With plenty of time on my hands, and an unhealthy eagerness for information, I find it difficult to avoid a regular and tedious feeling of deja vu. Let me illustrate with a subject matter that I follow on a permanent basis: mountain and trailrunning news. Very quickly, my categorizing mind starts pigeonholing stories and, lo and behold, the universe of topics/perspectives taken is quite limited and soon, yes indeed, again a story about suffering/flow/camaraderie/grit/….or nutrition/training/mental prep/gear/….
How many of those can I take before they actually start putting me off something I apparently like so much that I am compulsively consuming ‘news’ about it? What is going on here? How come this kinda storytelling so quickly becomes repetitive? But maybe I should be more specific when asking that question. Because it’s not that I don’t come across really enjoyable writing any more, interesting, thought-provoking, inspiring, or perspective changing stuff, but I come across it less and less. And, I also know that I do not need to fear this supply of worthwhile reads to ever totally dry up, but the amount of stories that I need to scan before coming across something captivating keeps increasing. It certainly feels like the cost-benefit balance of ‘following’ some main sources of stories is tilting the tedious way.
So what exactly starts drying up, and what exactly seems everlasting? What turns boring quickly, what never does? My impression: the fountain of basic conceptual content is ultimately quite limited. When first immersing myself in subject matter, nearly all shows me something new, but very quickly, the broad outlines of the fitness landscape start emerging. Then, for a piece of writing to arouse interest and enjoyment requires subtlety, creativity, beauty, art. And those are relatively rare qualities.
Let me illustrate with example of someone who manages to keep reinventing himself and his art (with thanks to Keiko for introducing me to this guy).
You all know where he comes from, B-boying, which is fun to watch, but once you watch it a lot, like anything else, it turns stale very quickly, with the exception of the occasional highlight. Which, again like anything else, might be either an example of pure, seemingly effortless, perfection, or breaking out of the confines ‘defining’ the whatever it is that you are watching. Daniel Cloud Campos showcases the latter for me.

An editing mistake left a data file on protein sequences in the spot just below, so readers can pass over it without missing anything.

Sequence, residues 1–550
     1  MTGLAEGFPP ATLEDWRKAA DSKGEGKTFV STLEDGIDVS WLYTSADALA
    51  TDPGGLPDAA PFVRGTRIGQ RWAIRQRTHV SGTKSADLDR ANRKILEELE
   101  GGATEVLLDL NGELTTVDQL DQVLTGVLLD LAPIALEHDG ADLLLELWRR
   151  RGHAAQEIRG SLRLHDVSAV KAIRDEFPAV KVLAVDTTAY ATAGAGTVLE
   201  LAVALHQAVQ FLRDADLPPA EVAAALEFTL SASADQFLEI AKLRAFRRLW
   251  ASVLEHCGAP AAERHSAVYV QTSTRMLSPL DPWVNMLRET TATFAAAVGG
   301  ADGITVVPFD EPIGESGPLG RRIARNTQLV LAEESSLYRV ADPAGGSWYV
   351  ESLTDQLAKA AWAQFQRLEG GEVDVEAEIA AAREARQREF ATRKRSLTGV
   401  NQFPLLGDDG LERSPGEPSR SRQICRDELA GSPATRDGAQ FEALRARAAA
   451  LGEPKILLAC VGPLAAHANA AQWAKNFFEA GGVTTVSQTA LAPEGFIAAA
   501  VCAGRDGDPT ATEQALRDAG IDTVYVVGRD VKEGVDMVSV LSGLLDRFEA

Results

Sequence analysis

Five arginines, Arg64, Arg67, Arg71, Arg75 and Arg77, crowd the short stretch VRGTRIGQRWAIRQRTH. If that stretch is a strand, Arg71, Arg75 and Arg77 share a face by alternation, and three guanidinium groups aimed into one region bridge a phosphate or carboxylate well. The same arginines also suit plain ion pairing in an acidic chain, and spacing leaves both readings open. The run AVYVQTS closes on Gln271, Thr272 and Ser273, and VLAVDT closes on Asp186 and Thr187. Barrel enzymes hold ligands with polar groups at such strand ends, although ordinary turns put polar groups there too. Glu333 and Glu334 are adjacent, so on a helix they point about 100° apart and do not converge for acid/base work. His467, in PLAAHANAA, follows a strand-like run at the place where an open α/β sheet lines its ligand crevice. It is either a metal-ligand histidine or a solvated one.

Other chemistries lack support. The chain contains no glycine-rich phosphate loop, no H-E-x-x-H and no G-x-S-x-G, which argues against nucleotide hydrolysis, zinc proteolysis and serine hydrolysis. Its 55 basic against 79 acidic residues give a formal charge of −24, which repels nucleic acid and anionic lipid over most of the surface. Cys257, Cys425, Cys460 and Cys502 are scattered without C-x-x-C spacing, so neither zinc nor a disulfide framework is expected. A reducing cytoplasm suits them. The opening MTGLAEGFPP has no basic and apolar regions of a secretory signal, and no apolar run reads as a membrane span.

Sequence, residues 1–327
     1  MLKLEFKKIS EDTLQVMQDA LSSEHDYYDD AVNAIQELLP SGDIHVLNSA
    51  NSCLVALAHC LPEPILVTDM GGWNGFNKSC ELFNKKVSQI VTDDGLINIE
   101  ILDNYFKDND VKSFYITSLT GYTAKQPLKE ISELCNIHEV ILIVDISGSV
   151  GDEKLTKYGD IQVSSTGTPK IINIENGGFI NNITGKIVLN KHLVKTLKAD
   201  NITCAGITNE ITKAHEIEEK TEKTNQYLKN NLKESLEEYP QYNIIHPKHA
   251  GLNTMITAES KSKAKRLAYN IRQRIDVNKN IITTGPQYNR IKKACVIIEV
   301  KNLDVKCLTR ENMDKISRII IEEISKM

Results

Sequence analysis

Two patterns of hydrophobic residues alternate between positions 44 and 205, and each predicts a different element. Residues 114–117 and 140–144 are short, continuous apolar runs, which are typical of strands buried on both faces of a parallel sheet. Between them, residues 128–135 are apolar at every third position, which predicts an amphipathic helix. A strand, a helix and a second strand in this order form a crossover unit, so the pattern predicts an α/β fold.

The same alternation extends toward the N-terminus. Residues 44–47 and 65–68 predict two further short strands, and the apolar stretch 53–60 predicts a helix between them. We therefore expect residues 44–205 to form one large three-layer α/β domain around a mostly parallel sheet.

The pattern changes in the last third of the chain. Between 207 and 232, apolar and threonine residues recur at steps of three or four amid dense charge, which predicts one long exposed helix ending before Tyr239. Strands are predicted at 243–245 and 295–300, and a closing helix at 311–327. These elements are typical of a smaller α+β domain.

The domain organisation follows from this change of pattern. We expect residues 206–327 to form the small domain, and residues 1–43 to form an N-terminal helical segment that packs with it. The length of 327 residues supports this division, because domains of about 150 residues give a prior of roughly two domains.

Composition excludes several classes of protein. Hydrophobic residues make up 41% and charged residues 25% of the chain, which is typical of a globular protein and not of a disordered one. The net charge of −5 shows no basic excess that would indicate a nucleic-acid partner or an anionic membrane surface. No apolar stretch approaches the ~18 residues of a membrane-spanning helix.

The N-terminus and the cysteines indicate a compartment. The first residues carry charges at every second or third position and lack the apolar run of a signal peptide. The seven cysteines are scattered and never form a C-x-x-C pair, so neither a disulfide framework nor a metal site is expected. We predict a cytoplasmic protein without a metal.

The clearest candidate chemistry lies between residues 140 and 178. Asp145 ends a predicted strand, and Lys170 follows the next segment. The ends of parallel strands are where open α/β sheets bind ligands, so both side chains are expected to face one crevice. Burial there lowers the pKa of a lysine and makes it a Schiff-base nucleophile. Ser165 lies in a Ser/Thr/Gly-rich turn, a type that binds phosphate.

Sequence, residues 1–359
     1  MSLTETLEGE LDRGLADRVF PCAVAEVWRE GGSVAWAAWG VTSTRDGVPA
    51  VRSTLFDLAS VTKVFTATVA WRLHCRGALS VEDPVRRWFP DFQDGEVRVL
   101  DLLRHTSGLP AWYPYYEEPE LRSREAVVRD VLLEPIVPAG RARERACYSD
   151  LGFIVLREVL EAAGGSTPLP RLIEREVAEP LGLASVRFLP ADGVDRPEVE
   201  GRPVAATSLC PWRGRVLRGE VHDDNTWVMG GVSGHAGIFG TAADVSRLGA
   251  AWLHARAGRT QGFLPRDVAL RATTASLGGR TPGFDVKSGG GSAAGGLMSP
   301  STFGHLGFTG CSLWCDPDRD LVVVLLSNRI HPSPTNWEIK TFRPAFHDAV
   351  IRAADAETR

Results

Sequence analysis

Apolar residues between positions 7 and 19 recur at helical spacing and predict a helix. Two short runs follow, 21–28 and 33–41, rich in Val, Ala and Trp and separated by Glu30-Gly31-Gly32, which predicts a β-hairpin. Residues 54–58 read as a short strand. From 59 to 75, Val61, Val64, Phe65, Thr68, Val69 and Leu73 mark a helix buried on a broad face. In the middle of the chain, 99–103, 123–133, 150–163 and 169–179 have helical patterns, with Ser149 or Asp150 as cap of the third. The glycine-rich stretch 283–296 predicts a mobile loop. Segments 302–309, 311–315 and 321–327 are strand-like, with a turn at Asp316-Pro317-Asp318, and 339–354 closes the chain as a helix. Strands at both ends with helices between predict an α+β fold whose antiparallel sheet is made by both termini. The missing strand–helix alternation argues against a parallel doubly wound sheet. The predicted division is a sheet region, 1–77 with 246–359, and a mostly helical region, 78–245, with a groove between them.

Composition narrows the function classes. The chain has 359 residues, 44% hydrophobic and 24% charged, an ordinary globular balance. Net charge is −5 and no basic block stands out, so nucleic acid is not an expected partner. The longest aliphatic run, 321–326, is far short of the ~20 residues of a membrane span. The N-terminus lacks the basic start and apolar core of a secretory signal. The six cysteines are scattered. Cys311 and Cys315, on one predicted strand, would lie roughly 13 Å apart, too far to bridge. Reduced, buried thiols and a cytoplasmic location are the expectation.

Back to trail and mountain running. The confines of these disciplines seem stricter than those of dance, music, and other conventional art forms. But are these constraints necessary? Regarding the actual running? The universe of imaginable formats for letting skill and performance compete is surely a lot richer than what is on offer in the real world. And regarding its representation in writing, and other media? The possible storylines to represent a personal or event experience or perspective must be a lot more diverse than the limited set of standard moulds normally followed.
If you watched the last video, you might have realized that B-boying Daniel wasn’t a purely random choice. In this first of his short films he seems to create a shared space for freerunning and dance choreography. And freerunning is a further development of and shares a reasonably well-defined property space with parkour (with freedom & creativity of movement and efficiency of movement as its main dimensions). From a certain perspective, parkour is to running urban ‘trails’, what the run/climbs of Kilian Jornet and Ueli Steck are to running mountain trails.
The from a certain perspective, in the last sentence, gives away what I (currently) think is probably the biggest creativity inhibitor in trail and mountain running. It refers to the shared focus of covering ground as fast as possible. But parkour, unlike trail and mountain running, is not uni-dimensional, it defines itself as speed and efficiency, and the latter opens up such a variety of extras, that it allows practitioners (who often call themselves traceurs), a much broader spectrum of aspects to focus on.
It’s weird, because trail and mountain running are in principle as open to innovation as any other discipline or art form. Is their ‘sports’ frame the culprit that limits creative developments? Where to look for inspiration? One direction that comes to mind is giving more weight to the beauty of the route, finding the ‘perfect line’ in a landscape, with different possibilities of what counts as perfect (Fell running already includes some of that). Another would be to explore style from more vantage points than speed and injury prevention. What about rhythm, what about movement synchronicity between runners, what about aesthetics of movement (I’m making it up while writing this, the point is to go beyond speed as the only yardstick).
The writing and the images? I guess the problem here is that most of that is produced by those that are primarily fascinated by the sport, not by the representational (art) form they use to disseminate info about it. Pragmatic tool users, not artists. It’s just very rare that a genuine wizard/witch of the pen or camera happens takes a fancy to these pursuits. I don’t expect that to change any time soon, or ever. Why should it? It is the same for all sports. So I shouldn’t complain about it. Really.
But it would be nice, wouldn’t it, if mountain and trailrunning would have a couple of Daniels.